This week, we celebrate and remember the final week of Jesus’s life and ministry before his death and resurrection, both events being cornerstones of the Christian faith. It is often called Passion Week, and the events leading up to his death are often called the Passion of the Christ (just like the movie!). But a few people might wonder… why it is called Passion Week? The word passion as generally understood today, at least, refers to a strong emotion, usually connected to romantic or sexual desires, but also to a strong gravitation towards something (e.g., when you’re passionate about something).
Jesus probably did feel strongly about his impending death and resurrection. But that’s not why we call it Passion Week.
Attributing this week of remembrance to the English word passion has a long history, much longer than any of us have been alive. It dates back at least to the twelfth century (Old English), and stems from the Late Latin (3rd to 6th or 7th century) noun passio, which meant “suffering” or “enduring.” The Latin Vulgate, for example, contains instances of passio (and its cognates) to refer to suffering or enduring. By the time of Shakespeare (and the KJV), passion was used to refer to a strong romantic or sexual desire.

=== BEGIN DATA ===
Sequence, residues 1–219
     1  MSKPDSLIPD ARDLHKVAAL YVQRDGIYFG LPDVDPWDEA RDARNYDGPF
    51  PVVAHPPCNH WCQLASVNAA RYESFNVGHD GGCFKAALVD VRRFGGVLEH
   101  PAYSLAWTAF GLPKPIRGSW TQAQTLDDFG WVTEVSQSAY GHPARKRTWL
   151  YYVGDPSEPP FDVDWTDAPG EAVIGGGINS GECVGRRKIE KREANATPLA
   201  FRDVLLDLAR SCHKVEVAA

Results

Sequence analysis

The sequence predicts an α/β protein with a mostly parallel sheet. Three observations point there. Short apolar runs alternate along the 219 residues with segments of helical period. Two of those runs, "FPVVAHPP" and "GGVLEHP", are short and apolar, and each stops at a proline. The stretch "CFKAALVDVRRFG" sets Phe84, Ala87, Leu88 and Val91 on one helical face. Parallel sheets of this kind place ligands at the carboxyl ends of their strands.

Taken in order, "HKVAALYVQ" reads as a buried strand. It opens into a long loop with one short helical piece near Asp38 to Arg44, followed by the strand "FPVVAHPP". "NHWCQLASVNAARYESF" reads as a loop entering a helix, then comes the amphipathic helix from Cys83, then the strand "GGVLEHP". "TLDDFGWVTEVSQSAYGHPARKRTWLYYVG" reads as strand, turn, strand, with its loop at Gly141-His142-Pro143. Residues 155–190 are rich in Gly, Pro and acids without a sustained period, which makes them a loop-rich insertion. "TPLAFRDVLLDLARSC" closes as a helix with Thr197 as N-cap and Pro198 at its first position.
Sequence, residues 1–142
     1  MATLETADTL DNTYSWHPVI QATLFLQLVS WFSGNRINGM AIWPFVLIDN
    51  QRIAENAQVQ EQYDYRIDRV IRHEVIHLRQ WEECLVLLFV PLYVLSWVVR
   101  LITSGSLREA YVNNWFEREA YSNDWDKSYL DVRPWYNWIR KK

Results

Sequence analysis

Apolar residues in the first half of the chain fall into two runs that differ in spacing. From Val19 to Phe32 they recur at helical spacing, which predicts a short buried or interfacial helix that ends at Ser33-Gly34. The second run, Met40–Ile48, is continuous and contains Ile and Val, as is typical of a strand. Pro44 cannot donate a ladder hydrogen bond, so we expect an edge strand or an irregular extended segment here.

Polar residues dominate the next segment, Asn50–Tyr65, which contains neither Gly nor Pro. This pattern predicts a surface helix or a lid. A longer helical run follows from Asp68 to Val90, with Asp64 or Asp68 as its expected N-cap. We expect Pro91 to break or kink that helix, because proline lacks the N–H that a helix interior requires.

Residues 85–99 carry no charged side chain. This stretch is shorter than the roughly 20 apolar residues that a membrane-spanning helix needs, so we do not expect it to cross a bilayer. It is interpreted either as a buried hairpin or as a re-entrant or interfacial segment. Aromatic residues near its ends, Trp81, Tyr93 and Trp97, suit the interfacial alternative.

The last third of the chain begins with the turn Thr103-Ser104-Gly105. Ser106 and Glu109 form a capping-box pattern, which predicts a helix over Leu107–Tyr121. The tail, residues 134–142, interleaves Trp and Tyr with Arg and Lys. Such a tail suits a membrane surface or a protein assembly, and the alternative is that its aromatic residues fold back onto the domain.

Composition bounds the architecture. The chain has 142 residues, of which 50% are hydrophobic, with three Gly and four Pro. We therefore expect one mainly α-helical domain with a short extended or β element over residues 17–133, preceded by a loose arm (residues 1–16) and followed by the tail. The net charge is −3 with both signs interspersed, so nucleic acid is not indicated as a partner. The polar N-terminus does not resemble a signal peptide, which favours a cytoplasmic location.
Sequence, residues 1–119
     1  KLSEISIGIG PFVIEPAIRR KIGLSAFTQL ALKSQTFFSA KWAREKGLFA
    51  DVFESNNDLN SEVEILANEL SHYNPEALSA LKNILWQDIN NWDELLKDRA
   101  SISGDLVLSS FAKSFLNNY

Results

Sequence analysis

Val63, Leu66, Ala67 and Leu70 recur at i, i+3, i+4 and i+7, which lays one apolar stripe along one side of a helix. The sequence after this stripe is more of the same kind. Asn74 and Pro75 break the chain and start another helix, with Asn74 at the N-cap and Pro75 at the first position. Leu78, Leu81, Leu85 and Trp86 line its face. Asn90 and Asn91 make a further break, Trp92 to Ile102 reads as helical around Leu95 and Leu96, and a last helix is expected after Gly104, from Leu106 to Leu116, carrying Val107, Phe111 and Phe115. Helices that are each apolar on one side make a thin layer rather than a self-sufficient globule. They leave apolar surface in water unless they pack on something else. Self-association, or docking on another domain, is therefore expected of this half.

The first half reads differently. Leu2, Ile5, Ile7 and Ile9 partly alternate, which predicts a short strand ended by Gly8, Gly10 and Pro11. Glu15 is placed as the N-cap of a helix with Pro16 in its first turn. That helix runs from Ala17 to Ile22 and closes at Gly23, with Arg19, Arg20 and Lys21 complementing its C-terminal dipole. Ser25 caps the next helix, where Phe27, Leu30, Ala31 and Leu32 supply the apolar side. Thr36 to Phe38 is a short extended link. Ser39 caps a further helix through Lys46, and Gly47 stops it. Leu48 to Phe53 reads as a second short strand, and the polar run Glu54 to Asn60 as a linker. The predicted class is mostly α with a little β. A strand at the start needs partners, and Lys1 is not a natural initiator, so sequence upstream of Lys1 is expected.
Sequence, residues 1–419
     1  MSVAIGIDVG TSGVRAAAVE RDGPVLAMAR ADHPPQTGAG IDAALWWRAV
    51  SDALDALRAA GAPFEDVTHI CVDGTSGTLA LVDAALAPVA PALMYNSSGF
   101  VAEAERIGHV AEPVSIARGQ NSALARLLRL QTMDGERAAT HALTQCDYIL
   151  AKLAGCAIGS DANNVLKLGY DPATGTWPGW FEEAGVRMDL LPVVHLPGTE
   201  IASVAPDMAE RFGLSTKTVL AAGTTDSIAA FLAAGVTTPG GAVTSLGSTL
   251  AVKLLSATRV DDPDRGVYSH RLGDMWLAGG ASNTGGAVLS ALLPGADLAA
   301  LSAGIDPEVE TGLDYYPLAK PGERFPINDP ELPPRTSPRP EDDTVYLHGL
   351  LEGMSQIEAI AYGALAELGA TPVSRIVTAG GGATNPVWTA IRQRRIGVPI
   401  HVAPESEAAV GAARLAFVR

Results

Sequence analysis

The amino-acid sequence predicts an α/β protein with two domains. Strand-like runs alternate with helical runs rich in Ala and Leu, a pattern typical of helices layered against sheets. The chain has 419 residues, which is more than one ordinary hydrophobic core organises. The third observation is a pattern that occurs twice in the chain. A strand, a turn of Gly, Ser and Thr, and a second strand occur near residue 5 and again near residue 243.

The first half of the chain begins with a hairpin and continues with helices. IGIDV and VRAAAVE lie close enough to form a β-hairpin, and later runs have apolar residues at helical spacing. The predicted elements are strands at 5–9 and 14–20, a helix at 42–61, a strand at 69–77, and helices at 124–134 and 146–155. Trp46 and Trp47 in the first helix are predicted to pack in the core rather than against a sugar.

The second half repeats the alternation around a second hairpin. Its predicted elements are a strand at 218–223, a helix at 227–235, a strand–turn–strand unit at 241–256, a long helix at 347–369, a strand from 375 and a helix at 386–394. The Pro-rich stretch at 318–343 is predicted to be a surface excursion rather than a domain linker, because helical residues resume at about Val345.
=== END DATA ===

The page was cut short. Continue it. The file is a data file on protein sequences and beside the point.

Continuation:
However, the nomenclature of “passion” referring to the sufferings of Christ that week continued and continues to remain, reflecting the tendency of the etymology of a word to retain its past usage in certain (specialized) contexts.
Here is an example where etymology sheds light on the meanings of words. In the case of Passion Week, we see that the common usage of passion today does not reflect its contemporary meaning, but rather, the etymological sense is retained when found in a specialized context like Christian holidays and collocated with other words like Christ or week. As much as etymology has been abused in the study of the original languages of the Bible, this is a case where etymology helps us understand why current usages of words (like passion) are still used today, outside of their usual meanings.
— David I. Yoon
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